Curbside recycling has been offered in Estevan for nearly four months, and it has proven to be a popular service, says Logan Baniulis, the sales manager with Regens Disposal.
More than 105,000 kilograms – equivalent to more than 233,000 pounds or 116 tonnes - have been collected since the program's inception in the northwest quadrant of the city in early September, said Baniulis. Recycling was expanded to the rest of the city in early October, with those who live west of Souris Avenue receiving pick-up one week, and those east of Souris getting service the other week.
“On average, the (materials in the) carts weigh over 11 kilograms a piece,” said Baniulis. “The highest average cart in one month was Hillcrest at over 13 kilograms per cart.”
Regens has been tracking how much material has been recycled. In October – the first full month for city-wide pick-up – the average recycle cart weighed 11.82 kilograms. And the total weight of recycled materials collected was 39,920 kilograms.
The largest pick-up from a subdivision was October 28 in the Hillside area, when 686 carts, with a total weight of 8,030 kilograms, were collected.
In November, the average recycle cart weighed 10.38 kilograms, and 3,408 carts were emptied for a total weight of 35,370 kilograms. Once again, the largest pick-up was in the Hillside subdivision, with 7,880 pounds were collected from 840 carts on November 25.
The quality of the material has also improved now that people are becoming accustomed to what they can insert, Baniulis said. They still receive some phone calls inquiries, but not as many as when the program started.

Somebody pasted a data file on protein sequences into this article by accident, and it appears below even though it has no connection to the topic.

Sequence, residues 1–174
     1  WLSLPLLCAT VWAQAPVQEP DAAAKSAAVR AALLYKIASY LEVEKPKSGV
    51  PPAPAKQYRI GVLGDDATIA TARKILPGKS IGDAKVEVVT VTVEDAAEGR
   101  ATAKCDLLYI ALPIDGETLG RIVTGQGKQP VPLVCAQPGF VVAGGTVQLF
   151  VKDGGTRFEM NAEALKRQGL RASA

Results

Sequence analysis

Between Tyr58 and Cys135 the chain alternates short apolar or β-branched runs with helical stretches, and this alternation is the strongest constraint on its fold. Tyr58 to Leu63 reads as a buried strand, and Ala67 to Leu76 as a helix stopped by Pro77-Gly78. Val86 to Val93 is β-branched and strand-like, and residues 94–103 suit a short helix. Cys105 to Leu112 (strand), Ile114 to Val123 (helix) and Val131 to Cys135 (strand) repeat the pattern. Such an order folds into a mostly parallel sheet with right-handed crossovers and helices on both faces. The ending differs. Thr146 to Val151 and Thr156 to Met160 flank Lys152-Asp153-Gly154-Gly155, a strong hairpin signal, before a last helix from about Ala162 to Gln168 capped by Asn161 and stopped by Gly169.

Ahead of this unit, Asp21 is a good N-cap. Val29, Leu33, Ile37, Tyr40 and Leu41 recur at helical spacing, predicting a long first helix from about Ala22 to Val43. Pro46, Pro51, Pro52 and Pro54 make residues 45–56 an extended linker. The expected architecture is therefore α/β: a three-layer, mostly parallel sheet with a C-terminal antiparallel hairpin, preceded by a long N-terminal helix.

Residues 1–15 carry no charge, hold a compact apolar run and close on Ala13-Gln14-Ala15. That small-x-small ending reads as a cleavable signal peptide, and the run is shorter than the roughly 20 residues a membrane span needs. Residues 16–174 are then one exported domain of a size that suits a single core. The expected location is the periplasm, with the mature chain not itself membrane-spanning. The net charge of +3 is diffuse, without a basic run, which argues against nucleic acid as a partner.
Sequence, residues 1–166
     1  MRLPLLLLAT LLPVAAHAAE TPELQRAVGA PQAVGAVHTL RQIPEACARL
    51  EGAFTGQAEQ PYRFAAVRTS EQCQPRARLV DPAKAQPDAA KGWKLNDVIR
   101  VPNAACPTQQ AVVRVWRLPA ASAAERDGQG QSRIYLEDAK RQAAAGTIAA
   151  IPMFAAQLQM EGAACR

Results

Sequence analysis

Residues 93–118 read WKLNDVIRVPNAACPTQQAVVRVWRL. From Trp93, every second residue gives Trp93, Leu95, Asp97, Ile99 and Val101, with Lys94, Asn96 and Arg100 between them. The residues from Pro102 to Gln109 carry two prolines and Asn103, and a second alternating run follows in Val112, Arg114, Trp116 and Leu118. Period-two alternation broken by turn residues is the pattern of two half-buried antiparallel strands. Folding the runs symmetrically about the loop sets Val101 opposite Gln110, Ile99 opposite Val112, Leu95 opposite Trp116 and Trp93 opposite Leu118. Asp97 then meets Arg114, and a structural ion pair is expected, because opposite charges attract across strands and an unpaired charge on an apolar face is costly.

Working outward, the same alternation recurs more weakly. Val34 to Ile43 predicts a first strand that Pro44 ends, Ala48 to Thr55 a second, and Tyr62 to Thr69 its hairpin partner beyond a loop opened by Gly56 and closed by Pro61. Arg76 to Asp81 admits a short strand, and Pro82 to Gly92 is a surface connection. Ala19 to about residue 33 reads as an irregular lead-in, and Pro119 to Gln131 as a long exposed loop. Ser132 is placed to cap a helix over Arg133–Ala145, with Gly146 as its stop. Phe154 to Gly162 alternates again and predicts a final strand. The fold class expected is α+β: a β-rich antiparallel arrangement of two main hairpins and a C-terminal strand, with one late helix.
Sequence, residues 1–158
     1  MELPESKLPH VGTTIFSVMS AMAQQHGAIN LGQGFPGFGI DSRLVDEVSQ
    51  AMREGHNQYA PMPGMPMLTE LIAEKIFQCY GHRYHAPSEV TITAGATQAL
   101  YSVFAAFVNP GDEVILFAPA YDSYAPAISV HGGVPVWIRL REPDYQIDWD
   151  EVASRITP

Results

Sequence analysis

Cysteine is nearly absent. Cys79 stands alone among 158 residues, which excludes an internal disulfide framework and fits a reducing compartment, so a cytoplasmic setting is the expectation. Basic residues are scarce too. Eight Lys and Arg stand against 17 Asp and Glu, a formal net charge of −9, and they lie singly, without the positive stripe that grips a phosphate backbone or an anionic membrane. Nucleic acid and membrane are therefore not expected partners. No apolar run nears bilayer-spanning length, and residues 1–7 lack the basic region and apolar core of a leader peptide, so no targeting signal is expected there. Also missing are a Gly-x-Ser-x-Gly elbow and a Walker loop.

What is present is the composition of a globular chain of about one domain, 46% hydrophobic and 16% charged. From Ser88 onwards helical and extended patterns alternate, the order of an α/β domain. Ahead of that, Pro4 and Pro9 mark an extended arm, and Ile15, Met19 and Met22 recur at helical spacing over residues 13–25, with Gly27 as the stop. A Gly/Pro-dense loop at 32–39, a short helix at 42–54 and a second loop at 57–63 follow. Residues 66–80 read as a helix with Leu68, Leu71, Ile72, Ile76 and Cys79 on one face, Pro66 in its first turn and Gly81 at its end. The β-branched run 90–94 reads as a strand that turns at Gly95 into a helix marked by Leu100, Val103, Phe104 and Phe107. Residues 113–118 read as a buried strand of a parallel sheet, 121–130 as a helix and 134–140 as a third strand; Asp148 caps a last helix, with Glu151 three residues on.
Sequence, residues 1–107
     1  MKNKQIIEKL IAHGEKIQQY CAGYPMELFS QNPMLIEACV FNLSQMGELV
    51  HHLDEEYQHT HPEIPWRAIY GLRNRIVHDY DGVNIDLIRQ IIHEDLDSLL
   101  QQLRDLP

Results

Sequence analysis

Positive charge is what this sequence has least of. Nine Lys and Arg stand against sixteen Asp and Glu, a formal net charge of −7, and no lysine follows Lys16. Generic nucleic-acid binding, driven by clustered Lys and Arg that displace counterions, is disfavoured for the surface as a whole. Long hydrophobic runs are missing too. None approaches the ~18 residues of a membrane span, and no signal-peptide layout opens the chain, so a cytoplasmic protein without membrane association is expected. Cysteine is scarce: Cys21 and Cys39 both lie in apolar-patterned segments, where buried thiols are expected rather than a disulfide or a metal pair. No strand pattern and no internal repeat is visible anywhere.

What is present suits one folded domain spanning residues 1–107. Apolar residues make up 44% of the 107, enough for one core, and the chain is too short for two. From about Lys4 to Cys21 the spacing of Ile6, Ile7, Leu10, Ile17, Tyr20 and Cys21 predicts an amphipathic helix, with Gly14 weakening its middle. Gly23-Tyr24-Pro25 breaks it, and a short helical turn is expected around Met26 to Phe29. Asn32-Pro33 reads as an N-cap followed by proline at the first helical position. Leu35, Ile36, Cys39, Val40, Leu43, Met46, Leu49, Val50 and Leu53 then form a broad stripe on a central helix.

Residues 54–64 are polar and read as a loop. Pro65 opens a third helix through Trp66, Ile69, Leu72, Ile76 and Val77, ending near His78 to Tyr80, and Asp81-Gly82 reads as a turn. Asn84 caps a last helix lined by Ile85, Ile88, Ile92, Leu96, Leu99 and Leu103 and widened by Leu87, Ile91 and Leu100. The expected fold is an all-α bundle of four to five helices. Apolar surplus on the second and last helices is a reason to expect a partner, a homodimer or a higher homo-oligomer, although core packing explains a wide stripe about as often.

Baniulis isn't surprised that the average cart weight and the total volume of recycled materials have decreased.
“I think people had been storing material, which I guess shows that they were excited about the service staring,” said Baniulis.
People are also more aware that items like Styrofoam and soiled pizza boxes can't be recycled, he said. A complete list of accepted products is available on Regens' website.
A letter was sent out in early in November to remind people of how to prepare the different types of material, and Baniulis said that helped out with the quality of the material.
Regens' recycling plant northeast of Bienfait has handled the increase in material well. Changes were made in how the plant was configured, but after the changes happened, there weren't any hiccups. The equipment is running well, too, he said.
People are quite happy to have the service in Estevan. Baniulis said the participation rates haven't been surprising, since everybody was delivered a blue, single-stream recycling cart, and Regens expected that the vast majority of residents would use them.
“There's been essentially no negative feedback,” said Baniulis. “It's been really good and positive.”
And a lot of commercial businesses have also come on board with recycling programs of their own. Baniulis attributes that to the buzz associated with curbside recycling, as so many people have become aware of the different products that can be recycled, and the items that they don't have to throw away.